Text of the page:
Document type: 
Thesis
File(s): 
Senior supervisor: 
Robert Ley
Department: 
Arts & Social Sciences: Department of Psychology
Thesis type: 
(Thesis) Ph.D.

The prison experience from the prisoners' perspectives: Trauma healing within the correctional setting

Author: 
Date created: 
2018-12-13
Abstract: 

Childhood psychological trauma (CPT) has been identified as underlying generally accepted criminal risk factors and its role in the generation of criminal behaviours is profound. While psychological and behavioural impacts of unresolved CPT may continue throughout the lifetime, healing CPT is recognized as essential to rehabilitation and is possible throughout the lifetime. This dissertation examines the experiences of former prisoners of Canadian federal correctional institutions to gain an in-depth understanding of healing from CPT while in prison and during community re-entry, from their perspectives. A series of three in-depth interviews was held with 17 former prisoners who self-identified as having experienced CPT. Their experiences of CPT impacts prior to prison and their experiences of healing during incarceration and community re-entry were explored. Five primary results of this study emerged. (1) CPT impacts included chronic hyperarousal, automatic fight or flight responses, stress addiction and trauma-bonds. Prior to prison, men’s physical and psychological survival depended on their creation of autonomy and safety through threat-resistance, limited emotionality, revenge and violence, and a veneer of mask-ulinity. (2) In prison, inter-prisoner physical brutality extended pre-prison trauma; survival required hyper-mask-ulinity, which included maintaining a reputation of domination-violence, independence-power, limited emotionality and strategic relationship formation. (3) Correctional staff-prisoner interactions, based on a correctional culture of hyper-mask-ulinity, included domination, violence, emotional detachment and correctional officer solidarity that required physical and psychological brutality of prisoners. Prisoner survival depended on employment of resistance strategies, strategic relationship formation, and further emotional constriction. A correctional staff-prisoner Hyper-mask-ulinity Stand-off compounded CPT. (4) Peer-relationships and prisoner-created initiatives provided psychological and physical support consistent with factors of trauma healing, however these were experienced as ‘removal activities’ and constituted survival, and trauma-mitigating mechanisms. (5) Trauma-informed, gender responsive healing factors were experienced through relationships with community members, community-run initiatives, and experiences at Kwikwexwelhp Healing Lodge. Providing turning points in the life trajectory, these experiences facilitated initial stages of recovery from CPT, initiated growth, and enhanced rehabilitation. Consequential to the pervasive threatening environment few participants moved past Stage I of trauma recovery. Implementation of trauma-informed correctional care is recommended in Canadian federal prisons to facilitate CPT healing and enhance rehabilitation.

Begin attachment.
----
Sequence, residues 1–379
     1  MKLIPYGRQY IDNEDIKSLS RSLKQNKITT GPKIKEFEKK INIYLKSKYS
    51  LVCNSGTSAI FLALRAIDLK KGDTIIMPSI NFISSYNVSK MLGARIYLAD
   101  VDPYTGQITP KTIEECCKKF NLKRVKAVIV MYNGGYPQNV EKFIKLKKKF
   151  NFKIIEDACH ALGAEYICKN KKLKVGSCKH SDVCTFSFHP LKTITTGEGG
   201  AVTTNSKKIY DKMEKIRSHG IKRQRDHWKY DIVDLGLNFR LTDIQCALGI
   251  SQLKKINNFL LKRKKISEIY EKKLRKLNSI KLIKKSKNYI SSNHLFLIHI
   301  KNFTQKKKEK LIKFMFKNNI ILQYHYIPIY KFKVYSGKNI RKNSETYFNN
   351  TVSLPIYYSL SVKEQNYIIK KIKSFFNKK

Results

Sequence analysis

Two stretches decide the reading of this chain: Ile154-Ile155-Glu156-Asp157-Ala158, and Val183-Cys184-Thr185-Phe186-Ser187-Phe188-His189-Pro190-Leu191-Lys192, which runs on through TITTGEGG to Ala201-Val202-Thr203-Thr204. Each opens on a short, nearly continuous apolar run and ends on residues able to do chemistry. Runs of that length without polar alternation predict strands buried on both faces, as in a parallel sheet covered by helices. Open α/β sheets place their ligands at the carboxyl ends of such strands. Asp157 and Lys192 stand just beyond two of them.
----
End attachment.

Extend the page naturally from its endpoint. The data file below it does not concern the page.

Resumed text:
Document type: 
Thesis
File(s): 
Senior supervisor: 
Nicole M. Myers
Department: 
Arts & Social Sciences: School of Criminology
Thesis type: 
(Thesis) Ph.D.

Arctic deltas as biogeochemical hotspots affecting the delivery of nutrients and dissolved organic matter to the Arctic Ocean

Author: 
Date created: 
2018-12-04
Abstract: